Following an article last week and the comments received, conveyancers and environmental practitioners are still wanting clarity on the practical effect of the applicability of The National Environmental Management: Biodiversity Act, 2004 (Act No. 10 of 2004) (“NEMBA”) to the sale of immovable property. After some research and enquiries this seems to be the current situation.
Section 29 of the Regulations to NEMBA reads as follows:
29. Sale or transfer of alien and listed invasive species
(1) If a permit-holder sells a specimen of an alien or listed invasive species, or sells the property on which a specimen of an alien or listed invasive species is under the permit-holder's control, the new owner of such specimen or such property must apply for a permit in terms of Chapter 7 of the Act.
(2) The new permit-holder contemplated in sub-regulation (1) will be subject to the same conditions as the permit-holder who has sold the specimen of an alien or listed invasive species, or the property on which a specimen of an alien or listed invasive species occurs, unless specific circumstances require all such permit conditions to be revised, in which case full reasons must be giving in writing by the issuing authority.
(3) The seller of any immovable property must, prior to the conclusion of the relevant sale agreement, notify the purchaser of that property in writing of the presence of listed invasive species on that property.
Its practical effect gives rise to a number of scenarios, being the following:
1. If you own an alien species (bird, animal) or own property with an alien species on it and you have a permit for it i.e. you know- (an animal) plants (on immovable property) you must let the buyer know so that he can apply for a new permit in terms of Section 7 of the Act (which could entail a survey and a certificate from an environmental practitioner) – Section 29(1).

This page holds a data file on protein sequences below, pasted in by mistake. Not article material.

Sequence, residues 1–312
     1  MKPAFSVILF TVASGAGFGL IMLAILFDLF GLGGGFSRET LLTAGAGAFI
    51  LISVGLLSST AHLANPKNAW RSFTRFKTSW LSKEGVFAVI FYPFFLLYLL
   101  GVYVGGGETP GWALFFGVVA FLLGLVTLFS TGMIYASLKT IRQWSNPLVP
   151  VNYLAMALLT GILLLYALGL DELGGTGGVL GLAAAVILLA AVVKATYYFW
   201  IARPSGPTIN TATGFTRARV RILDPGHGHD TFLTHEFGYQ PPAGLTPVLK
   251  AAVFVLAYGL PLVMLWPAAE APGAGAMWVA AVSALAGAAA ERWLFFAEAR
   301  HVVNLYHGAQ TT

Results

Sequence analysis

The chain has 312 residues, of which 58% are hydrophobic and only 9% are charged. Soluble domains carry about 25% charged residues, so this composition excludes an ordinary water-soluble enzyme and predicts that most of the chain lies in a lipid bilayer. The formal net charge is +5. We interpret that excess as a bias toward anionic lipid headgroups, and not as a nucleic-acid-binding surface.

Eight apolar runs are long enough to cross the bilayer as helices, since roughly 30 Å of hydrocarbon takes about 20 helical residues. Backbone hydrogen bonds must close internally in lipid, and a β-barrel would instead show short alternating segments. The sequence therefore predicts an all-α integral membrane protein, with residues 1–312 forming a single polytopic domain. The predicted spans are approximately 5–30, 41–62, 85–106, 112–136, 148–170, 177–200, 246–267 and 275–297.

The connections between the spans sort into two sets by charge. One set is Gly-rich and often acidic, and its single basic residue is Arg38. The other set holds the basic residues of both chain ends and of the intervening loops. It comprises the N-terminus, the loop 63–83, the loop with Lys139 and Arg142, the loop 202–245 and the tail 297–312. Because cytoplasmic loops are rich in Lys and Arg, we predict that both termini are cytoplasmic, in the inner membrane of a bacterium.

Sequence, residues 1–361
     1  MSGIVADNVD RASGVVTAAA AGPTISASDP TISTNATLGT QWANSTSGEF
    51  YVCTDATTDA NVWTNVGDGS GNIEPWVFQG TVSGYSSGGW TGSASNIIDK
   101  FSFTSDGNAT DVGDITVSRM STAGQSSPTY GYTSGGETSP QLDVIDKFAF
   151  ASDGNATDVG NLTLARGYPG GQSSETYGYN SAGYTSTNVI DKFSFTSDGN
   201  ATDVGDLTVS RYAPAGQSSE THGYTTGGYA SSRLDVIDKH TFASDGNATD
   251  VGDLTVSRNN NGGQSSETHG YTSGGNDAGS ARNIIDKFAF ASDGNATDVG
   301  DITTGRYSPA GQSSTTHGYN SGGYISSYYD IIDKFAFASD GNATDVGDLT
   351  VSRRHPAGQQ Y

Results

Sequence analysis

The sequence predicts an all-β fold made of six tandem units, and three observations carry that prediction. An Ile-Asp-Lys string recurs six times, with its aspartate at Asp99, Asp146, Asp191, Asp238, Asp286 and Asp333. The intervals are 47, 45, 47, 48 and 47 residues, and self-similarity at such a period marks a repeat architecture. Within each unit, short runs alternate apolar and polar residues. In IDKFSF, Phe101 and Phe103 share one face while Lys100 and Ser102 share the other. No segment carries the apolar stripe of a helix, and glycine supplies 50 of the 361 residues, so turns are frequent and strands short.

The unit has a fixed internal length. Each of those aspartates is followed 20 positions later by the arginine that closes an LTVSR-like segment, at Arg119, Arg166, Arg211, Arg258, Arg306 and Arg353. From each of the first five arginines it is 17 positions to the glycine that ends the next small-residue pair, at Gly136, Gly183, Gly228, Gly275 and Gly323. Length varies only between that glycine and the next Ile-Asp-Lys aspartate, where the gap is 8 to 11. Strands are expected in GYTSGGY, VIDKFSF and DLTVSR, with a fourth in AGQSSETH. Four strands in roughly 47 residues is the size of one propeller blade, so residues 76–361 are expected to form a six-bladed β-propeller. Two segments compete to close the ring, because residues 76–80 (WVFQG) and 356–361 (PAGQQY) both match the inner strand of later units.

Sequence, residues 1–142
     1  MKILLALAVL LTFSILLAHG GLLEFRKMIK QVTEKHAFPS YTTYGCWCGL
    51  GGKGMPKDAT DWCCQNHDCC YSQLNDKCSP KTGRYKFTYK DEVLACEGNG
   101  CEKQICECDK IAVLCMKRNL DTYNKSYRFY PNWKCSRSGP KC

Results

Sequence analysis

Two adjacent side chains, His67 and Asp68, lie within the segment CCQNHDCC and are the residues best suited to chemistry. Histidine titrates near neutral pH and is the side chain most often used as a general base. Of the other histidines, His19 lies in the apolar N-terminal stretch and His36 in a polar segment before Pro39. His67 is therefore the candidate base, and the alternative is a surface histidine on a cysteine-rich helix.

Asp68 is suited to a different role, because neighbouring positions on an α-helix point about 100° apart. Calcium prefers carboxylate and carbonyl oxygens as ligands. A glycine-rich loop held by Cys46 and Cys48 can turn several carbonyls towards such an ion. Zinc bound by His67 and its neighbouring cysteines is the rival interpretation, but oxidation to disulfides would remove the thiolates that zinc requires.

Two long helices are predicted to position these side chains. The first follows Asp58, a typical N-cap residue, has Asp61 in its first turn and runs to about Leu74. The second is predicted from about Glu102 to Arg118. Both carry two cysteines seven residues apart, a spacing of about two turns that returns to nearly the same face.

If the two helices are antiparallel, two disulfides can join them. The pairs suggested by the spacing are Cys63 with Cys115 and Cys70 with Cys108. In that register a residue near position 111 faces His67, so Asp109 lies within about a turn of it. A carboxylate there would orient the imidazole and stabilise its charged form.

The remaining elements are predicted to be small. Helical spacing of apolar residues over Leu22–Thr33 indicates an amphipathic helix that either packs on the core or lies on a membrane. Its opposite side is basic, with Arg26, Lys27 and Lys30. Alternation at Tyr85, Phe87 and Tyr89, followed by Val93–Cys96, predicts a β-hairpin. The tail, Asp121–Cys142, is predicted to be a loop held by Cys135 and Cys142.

2. If the conditions are the same as above but the buyer removes the alien plants i.e. meeting the “specific circumstances” which require permit conditions to be revised, such as subsequently removing the alien species then a survey will be necessary in order to give full reasons to the issuing authority. – Section 29(2).
3. If a seller of immovable property is aware of invasive species on the property then he/she should declare as such using a clause in the Offer to Purchase - see the example here Alien and Invasive Regulations – as it fulfils the requirements of notifying the purchaser of that property in writing of the presence of listed invasive species thereon. – 29(3) And a survey is not a necessary, legal, enforceable requirement at the moment, but will become one sometime in the future. (see infra)
4. If a seller of immovable property is unaware of invasive species on the property then he/she can declare as such using the clause referred to and there is therefore no need to have a survey conducted and a certificate issued to avoid being guilty of a punishable offence under Nemba.
In conclusion, either a declaration or a certificate is therefore required in terms of Nemba for the sale and transfer of property. Copies of the Declaration of Invasive Species forms need to be lodged with The Compliancy Officer, Biosecurity Services, Department of Environmental Affairs. The question remains as to what extent it is being enforced if at all, hence the initial (incorrect) statement that transfers cannot be prevented in the absence of either a declaration or a certificate.
Practical issues still need to be ironed out, and the Department of Environmental Affairs is still - Chapter 3 of the Act, formulating guidelines in consultation with Municipalities and other bodies. Thereby bringing more understanding to conveyancers, estate agents, environmental professionals and the broader public.